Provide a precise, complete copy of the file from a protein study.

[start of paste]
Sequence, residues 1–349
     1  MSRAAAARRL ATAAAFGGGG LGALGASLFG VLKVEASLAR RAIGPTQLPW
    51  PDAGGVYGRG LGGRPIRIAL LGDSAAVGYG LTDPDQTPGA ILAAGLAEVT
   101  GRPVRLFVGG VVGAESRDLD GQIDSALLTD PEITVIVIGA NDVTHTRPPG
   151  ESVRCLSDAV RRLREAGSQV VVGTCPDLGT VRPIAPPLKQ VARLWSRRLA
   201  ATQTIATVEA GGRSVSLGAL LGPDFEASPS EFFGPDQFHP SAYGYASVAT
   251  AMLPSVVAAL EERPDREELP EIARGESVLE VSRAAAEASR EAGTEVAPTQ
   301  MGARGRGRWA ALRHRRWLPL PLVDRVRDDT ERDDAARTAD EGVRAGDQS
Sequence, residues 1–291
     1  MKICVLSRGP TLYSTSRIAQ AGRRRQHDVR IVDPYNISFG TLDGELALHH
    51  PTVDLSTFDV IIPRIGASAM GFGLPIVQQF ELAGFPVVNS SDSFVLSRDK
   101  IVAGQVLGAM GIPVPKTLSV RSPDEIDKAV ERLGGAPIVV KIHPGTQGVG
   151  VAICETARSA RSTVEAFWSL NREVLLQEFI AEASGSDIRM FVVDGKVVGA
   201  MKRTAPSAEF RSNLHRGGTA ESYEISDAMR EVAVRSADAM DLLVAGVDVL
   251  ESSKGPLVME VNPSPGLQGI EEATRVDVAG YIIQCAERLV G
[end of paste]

Sequence, residues 1–349
     1  MSRAAAARRL ATAAAFGGGG LGALGASLFG VLKVEASLAR RAIGPTQLPW
    51  PDAGGVYGRG LGGRPIRIAL LGDSAAVGYG LTDPDQTPGA ILAAGLAEVT
   101  GRPVRLFVGG VVGAESRDLD GQIDSALLTD PEITVIVIGA NDVTHTRPPG
   151  ESVRCLSDAV RRLREAGSQV VVGTCPDLGT VRPIAPPLKQ VARLWSRRLA
   201  ATQTIATVEA GGRSVSLGAL LGPDFEASPS EFFGPDQFHP SAYGYASVAT
   251  AMLPSVVAAL EERPDREELP EIARGESVLE VSRAAAEASR EAGTEVAPTQ
   301  MGARGRGRWA ALRHRRWLPL PLVDRVRDDT ERDDAARTAD EGVRAGDQS
Sequence, residues 1–291
     1  MKICVLSRGP TLYSTSRIAQ AGRRRQHDVR IVDPYNISFG TLDGELALHH
    51  PTVDLSTFDV IIPRIGASAM GFGLPIVQQF ELAGFPVVNS SDSFVLSRDK
   101  IVAGQVLGAM GIPVPKTLSV RSPDEIDKAV ERLGGAPIVV KIHPGTQGVG
   151  VAICETARSA RSTVEAFWSL NREVLLQEFI AEASGSDIRM FVVDGKVVGA
   201  MKRTAPSAEF RSNLHRGGTA ESYEISDAMR EVAVRSADAM DLLVAGVDVL
   251  ESSKGPLVME VNPSPGLQGI EEATRVDVAG YIIQCAERLV G